Md Joynal Abdin
The Financial Express on November 20, 2011
The small and medium enterprises (SME) are familiar as the engine of growth in developing economies. They are helping in economic development from two dimensions, firstly by producing goods/services and secondly by employing more labour with comparatively low investment. Employment generation and the gross domestic product (GDP) growth both are very much important for sustainable development of an economy.
Bangladesh has been maintaining 4.0 – 6.5 per cent GDP growth during the last two decades. However, it experienced several downturn of GDP growth in the same period. But we do not know why this downturn occurred. Sometimes we blamed natural disasters, political unrest and so on. But we actually never try to find out the real cause and take action to avoid any further downturn. As a result, till now we are in and around 5.0-6.0.
Composition of our economy is agriculture: 18.4 per cent, industry: 28.7 per cent and services: 52.9 per cent. From industry contribution to GDP viewpoint Bangladesh is the 73rd economy among 165 economies of the world. The position may be not bad due to the half length of the list. But when we compare our companions in 1980s like Vietnam (33rd), South Korea (35th) and Iran (23rd) then we can realise our progress during last two decades.
From sector wise employment generation point of view agriculture is employing 45 per cent, industry 30 per cent and services 25 per cent of Bangladeshi labour force. If we compare employment generation versus contribution to GDP then we can easily say that, agriculture is the most non-productive sector for Bangladesh. Because of 45 per cent people are contributing only 18.4 per cent of the GDP. That means we have to improve productivity in agriculture to ensure proper utilisation of resources in agriculture sector.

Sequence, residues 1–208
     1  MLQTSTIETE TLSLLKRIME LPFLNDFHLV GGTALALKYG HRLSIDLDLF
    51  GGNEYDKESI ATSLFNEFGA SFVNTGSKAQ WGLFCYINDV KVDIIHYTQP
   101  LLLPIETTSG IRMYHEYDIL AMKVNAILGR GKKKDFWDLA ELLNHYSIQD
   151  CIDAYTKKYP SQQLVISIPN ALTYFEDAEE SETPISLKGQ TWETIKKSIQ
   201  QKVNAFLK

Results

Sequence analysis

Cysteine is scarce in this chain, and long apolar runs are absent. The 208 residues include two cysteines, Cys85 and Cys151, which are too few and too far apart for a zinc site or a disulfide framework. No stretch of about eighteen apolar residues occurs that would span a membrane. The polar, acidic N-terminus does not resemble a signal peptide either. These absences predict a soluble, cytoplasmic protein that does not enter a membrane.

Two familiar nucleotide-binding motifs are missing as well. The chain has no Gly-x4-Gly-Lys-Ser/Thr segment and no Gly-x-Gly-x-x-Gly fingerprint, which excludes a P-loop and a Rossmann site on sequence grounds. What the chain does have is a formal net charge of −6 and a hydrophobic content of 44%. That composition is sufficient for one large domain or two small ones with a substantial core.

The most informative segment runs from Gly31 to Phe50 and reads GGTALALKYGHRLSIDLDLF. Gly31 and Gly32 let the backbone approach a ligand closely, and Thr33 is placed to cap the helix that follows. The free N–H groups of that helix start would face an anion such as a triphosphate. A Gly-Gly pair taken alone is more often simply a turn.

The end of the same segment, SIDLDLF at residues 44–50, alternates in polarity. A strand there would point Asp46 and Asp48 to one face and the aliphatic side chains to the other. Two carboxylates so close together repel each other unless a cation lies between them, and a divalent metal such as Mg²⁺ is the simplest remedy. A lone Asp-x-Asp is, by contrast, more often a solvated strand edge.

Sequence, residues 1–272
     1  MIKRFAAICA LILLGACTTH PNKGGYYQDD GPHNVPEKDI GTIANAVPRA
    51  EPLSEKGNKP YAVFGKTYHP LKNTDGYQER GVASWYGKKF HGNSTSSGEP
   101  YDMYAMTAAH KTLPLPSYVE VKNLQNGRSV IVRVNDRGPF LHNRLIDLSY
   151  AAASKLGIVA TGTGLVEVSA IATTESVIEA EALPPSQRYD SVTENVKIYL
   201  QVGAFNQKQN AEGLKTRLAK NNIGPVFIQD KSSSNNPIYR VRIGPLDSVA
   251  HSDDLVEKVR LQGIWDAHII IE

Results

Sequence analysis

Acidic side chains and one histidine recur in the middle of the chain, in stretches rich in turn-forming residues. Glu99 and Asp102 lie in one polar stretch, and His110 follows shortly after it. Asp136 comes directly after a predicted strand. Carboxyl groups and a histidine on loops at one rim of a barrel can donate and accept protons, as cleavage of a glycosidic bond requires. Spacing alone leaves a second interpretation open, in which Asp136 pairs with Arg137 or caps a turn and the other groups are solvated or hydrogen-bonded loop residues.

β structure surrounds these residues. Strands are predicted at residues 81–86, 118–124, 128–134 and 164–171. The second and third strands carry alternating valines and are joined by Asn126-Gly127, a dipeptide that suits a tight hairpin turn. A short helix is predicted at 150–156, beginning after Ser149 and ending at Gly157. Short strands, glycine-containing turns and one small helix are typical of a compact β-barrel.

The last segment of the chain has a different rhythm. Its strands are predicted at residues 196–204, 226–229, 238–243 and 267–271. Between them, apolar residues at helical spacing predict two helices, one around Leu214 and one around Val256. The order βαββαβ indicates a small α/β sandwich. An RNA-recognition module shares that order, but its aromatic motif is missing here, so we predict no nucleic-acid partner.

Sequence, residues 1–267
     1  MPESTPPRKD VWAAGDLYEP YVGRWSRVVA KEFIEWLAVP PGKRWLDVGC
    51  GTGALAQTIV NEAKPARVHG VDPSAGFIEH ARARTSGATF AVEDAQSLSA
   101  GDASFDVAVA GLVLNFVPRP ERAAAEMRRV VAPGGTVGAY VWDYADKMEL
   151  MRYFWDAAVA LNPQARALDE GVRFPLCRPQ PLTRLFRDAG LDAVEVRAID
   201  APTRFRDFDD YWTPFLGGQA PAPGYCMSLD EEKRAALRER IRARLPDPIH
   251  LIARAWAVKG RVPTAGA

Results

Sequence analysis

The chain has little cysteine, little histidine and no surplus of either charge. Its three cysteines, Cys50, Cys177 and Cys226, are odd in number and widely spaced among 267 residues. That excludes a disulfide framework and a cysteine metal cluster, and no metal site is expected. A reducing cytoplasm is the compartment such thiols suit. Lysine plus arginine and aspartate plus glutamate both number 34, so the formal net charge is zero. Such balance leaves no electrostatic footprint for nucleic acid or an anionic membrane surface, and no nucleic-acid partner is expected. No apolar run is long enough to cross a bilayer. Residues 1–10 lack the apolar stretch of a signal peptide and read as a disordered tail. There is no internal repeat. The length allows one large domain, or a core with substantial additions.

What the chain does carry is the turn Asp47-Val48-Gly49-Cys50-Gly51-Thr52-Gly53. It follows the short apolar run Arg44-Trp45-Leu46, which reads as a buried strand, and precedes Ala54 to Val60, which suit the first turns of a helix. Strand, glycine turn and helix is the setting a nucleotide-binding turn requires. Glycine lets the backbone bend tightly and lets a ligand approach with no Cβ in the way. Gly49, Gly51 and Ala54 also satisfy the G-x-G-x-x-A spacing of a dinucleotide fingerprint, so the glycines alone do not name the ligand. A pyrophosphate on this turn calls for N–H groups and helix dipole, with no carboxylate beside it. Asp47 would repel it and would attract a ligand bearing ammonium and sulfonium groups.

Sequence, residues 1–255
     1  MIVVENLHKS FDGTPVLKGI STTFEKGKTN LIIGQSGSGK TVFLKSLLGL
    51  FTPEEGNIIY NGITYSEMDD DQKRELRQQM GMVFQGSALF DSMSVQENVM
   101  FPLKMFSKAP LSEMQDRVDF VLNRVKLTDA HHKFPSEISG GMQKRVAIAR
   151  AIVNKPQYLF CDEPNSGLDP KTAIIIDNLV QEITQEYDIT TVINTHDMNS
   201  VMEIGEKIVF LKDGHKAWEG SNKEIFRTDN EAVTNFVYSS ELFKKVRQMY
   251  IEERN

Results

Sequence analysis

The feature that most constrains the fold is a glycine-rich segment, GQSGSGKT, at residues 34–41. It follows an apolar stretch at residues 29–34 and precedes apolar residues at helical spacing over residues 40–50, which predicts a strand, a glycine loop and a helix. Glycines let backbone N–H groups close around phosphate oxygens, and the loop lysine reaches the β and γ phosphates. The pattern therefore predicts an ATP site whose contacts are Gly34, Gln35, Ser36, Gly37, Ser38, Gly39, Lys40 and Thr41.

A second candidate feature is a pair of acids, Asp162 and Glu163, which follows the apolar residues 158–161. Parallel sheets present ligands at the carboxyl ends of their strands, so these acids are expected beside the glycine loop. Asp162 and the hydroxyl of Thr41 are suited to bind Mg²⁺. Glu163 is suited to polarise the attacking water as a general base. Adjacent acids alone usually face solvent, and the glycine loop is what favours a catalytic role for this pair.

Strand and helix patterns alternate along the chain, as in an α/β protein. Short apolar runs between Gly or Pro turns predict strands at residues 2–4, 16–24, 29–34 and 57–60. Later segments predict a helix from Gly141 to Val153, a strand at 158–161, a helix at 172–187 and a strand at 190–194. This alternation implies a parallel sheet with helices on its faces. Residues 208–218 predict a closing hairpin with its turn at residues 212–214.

Industry is contributing 28.7 per cent of the GDP by employing 30 per cent of the labour force. That means we have space to improve productivity in industrial sector. At the same time industry’s contribution to GDP has to improve up to 40 per cent by 2021. According to vision 2021 Bangladesh has to achieve 8.0 per cent GDP growth in 2013, increase it up to 10 per cent by 2017 and continue in the same rate till 2021 to meet the stated goal.
Bangladesh achieved 5.0 per cent GDP growth for the first time in 1996. It turned back to 4.8 in 2001 and 2002. Till 2011 we are walking around 6.5 per cent. That means we spend long 14 years to increase 1.5 per cent GDP growth. To achieve 8.0 per cent GDP growth by 2013 we have 2 years in hand to increase the 1.5 per cent rate of GDP growth. It means 14 years achievement have to be achieved in 2 years. It is really a tough challenge for us where existing industries are facing gas rationing, providing new electricity connection is stopped for the last few years. At the same time current 1.5 per cent is bigger than the previous one. But we have to achieve it. SME can be the best option to increase GDP growth rate and generate employment with minimum investment.